Before kids, I belonged to the confident, self-assured group of people that thought I wouldn’t let having children change who I was in any respect.
Then an 8-pound, 4-ounce bundle was placed in my arms. And my confidence was destroyed. Self-assuredness thrown out the window.
Nearly two years later, I’ll be the first to admit–I am not the same person I was before I became a parent.
The woman who could walk in the office of a CEO and boldly propose new ideas now stares inside the diaper bag, frozen in fear over whether she packed all the right things to cover any potential crisis that may arise during the hour-long trip to the grocery store. Do I have enough toys for distraction? Will she eat this snack? Do I need to bring a sweater? Should I grab some Tylenol? (You know, just in case she spikes a sudden fever.) Oh wait, Tylenol is “bad,” right? Do I have some more-natural Little Remedies?
Every decision is questioned. Analyzed. Pitched to other moms on Facebook for their input. Hey, I’m all for research and preparedness and doing things as safe as possible; there’s nothing wrong with that. But then, once the decision is made, I wonder if it was the right one. I see another mom has made a different choice, and I start to measure mine against hers. Perhaps her decision was better? Am I doing the wrong thing? Am I ruining my children for life??
With the second-guessing comes the guilt. The feelings that I should’ve done better. That I did indeed make a bad choice. That my decision will have a detrimental and devastating impact on the future and well-being of the littles entrusted to my care. And this guilt can really mess with your mind.
This is especially true when you make a decision that varies from whatever’s considered the mainstream or “superior” standard: formula feeding vs. breastfeeding, back sleeping vs. tummy sleeping, organic foods vs. convenience and cost, staying at home vs. working, pro- vs. anti-vaccinations … and the list goes on. The guilt can grip your soul so tightly that you feel the need to justify and explain and even apologize for the decisions you’ve made–when you’re not crying about them. Even when health and finances and your personal household demand a decision that differs from the norm. Even when what seems “bad” to others is truly what’s best for you and your child.
Moms, I say this with all due respect: just who do we think are?
Do we actually think our actions will add one second of a day to our child’s lives? That if we had “just done this” we would’ve had the power to change an eternal outcome?
I’ll never forget Liv’s first serious sickness. I had to leave on a business trip right after she came down with congestion that led to a double ear infection. We had taken her to the doctor, and she had started a course of antibiotics. She was well cared for with my husband and other family members while I was away. But she wasn’t fully recovered by the time I got home, and because of a slight condition she was born with called laryngomalacia, her breathing–which could sound raspy when healthy–seemed particularly labored through the congestion.
I knew in the back of my mind that this was normal and that her pediatrician had told me she would sound worse when sick. I also knew she was getting better, and her fever had broke. That, yes, she was sleeping a lot, but she was happy, though not back to herself, when awake.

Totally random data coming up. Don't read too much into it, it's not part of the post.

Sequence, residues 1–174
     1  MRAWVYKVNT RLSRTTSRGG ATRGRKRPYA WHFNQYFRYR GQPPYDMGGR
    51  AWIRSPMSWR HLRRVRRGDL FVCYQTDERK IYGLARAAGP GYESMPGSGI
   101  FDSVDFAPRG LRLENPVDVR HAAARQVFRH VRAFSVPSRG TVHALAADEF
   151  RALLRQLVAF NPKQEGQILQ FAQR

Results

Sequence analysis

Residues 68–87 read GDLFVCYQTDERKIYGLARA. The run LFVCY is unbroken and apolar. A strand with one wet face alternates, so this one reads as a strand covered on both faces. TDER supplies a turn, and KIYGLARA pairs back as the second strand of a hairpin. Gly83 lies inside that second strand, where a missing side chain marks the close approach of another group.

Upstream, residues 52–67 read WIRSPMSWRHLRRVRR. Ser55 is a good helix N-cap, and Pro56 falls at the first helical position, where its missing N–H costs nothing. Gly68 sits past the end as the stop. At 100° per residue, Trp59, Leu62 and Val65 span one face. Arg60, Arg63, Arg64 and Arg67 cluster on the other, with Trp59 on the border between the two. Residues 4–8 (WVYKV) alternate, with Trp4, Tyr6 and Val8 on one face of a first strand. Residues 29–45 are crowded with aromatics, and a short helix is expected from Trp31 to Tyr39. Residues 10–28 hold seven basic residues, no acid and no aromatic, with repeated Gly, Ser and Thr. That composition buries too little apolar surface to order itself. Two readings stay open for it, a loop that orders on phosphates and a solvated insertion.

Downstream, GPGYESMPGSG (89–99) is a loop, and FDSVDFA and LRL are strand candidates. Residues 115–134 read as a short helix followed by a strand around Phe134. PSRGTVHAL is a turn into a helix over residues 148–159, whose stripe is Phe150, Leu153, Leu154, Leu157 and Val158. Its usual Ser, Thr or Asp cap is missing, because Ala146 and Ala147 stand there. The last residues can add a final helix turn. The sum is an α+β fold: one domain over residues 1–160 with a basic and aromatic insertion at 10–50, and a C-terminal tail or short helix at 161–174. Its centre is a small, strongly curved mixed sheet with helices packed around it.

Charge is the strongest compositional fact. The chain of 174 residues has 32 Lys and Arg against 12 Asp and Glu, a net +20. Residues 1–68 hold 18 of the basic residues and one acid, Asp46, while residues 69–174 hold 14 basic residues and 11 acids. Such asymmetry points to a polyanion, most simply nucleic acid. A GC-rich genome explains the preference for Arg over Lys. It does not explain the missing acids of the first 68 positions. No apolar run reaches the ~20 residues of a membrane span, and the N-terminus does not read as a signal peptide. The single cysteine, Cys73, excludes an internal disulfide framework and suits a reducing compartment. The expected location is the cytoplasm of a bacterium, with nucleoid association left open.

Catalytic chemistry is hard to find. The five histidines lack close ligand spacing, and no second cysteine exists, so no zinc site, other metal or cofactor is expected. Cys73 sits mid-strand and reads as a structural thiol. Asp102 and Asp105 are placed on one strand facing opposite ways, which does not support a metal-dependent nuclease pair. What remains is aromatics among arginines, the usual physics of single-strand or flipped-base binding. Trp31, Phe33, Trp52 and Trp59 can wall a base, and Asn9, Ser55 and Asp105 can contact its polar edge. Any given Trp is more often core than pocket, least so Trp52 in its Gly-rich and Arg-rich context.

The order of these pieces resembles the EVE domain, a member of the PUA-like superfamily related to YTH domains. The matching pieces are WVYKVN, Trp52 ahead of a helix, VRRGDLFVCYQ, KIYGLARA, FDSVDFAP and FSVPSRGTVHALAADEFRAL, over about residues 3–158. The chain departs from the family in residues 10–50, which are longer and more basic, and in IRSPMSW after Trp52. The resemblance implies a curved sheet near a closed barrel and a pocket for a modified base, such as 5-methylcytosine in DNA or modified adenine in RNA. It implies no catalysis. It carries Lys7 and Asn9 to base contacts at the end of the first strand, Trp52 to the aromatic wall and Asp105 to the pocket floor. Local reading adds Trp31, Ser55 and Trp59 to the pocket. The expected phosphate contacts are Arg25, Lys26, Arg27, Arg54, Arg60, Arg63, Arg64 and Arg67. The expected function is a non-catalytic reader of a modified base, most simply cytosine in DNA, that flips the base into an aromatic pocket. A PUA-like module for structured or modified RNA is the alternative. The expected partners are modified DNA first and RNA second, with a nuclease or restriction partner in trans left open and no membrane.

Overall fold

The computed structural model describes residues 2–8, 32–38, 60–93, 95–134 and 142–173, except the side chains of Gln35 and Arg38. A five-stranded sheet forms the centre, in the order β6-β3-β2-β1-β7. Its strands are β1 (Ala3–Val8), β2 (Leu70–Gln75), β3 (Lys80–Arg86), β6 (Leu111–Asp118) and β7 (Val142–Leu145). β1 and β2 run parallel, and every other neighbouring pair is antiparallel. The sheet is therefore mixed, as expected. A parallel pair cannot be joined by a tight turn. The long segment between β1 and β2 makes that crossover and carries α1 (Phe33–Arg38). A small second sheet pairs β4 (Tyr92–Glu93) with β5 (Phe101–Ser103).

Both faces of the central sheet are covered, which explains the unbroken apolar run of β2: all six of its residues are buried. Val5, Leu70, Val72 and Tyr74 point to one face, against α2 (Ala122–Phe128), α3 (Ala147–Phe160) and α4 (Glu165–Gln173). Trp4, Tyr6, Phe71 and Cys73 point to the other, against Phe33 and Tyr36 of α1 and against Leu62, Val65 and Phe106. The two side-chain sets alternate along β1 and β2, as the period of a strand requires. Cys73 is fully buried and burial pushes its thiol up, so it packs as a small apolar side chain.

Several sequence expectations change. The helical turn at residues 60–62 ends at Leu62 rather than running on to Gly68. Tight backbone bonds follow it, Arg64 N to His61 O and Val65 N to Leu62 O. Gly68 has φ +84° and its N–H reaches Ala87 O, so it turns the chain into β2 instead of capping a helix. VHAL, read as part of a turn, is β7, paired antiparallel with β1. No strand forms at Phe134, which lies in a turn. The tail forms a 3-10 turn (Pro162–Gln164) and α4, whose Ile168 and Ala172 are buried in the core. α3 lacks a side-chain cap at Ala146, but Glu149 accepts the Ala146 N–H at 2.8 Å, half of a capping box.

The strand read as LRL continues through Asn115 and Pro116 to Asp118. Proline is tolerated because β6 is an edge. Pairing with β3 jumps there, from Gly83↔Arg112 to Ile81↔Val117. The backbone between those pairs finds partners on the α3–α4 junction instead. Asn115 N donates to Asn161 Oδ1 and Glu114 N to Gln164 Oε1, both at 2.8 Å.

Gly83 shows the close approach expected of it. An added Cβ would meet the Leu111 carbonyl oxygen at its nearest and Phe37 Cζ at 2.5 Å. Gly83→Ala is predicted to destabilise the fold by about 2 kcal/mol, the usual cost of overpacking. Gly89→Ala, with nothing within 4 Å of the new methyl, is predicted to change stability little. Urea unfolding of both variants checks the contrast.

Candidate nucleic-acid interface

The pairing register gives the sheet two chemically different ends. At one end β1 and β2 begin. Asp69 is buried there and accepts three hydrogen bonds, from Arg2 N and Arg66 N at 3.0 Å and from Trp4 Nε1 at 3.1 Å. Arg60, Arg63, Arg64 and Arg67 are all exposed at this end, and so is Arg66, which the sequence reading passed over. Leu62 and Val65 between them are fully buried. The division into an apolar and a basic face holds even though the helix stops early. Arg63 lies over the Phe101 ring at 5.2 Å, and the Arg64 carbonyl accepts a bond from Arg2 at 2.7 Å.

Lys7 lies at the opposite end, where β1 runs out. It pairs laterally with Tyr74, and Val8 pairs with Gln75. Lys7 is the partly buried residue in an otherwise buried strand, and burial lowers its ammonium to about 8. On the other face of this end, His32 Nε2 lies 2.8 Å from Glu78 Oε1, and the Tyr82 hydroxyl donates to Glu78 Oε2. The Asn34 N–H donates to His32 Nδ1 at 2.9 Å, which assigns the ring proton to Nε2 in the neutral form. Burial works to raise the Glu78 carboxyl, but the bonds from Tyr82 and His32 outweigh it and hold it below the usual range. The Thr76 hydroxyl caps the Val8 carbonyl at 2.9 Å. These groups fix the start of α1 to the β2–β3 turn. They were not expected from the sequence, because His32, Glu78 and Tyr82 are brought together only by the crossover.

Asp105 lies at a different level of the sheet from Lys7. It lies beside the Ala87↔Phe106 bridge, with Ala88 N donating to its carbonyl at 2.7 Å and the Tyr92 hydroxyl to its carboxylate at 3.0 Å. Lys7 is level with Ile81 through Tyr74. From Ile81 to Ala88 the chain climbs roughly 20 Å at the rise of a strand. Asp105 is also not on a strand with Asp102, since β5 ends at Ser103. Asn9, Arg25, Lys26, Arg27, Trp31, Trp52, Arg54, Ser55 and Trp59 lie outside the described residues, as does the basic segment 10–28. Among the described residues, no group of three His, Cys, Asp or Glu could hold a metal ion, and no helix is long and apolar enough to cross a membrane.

Yet the sounds of her heavy, squeaky, rattly breathing as she approached her 14th hour of sleep were too much for this momma’s heart to bear. My fears knocked me flat. And I crumpled into the floor of my closet and sobbed.
I shouldn’t have left. I should’ve been there for her. I have failed her. Another mom would’ve done it better.
The guilt was oppressive.
It stopped me in my tracks. It pushed aside my logic. It silenced conversation with my Heavenly Father. It was all focused on me.
See, I think, if we truly admit it, we moms start to believe the lie that the control abides in us. That this burden and challenge of raising children is ours alone to bear. That the weight of making the right decision is on our shoulders.
And we forget God.
We elevate our importance and ignore His power. We become blind to His leading and teaching. We think His grace for our finite, fallible human ways must not apply in this situation.
And instead we allow the great deceiver to flood our thoughts and take the reins of our fears. Oh, how he must love to replace our trust in Him and His divinity with terror and doubt.
I wrote in my last blog post about how Our Creator formed us to be fearfully and wonderfully made. But the psalm doesn’t end there. It goes on to say “You saw me before I was born. Every day of my life was recorded in your book. Every moment was laid out before a single day had passed.” (Psalm 139:16)
You see, the days of these little lives don’t rest solely on us; they’ve been planned out and purposed by Him. If we are putting God in the center of our decisions, we can move forward with confidence in them. Despite how you feel those decisions may look to anyone else outside your household. So fill that bottle with formula with your head held high, knowing you are nourishing your child. Head in for another day at the office, knowing it’s what God’s called you to do. Research and prepare and pray–and then leave the decision in His hands.
And on the days when you feel your choices truly weren’t the best, don’t give Satan a space to fill your heart with guilt and guessing. Instead, turn to the Almighty One who knows the beginning to the end. Ask Him for wisdom for the future–or forgiveness, if needed. Be consumed by His care. Thank Him that it’s not all up to us. And press on knowing that He’s gone before.
“Trust in the LORD with all your heart; do not depend on your own understanding. Seek His will in all you do, and He will show you which path to take.” (Proverbs 3:5-6)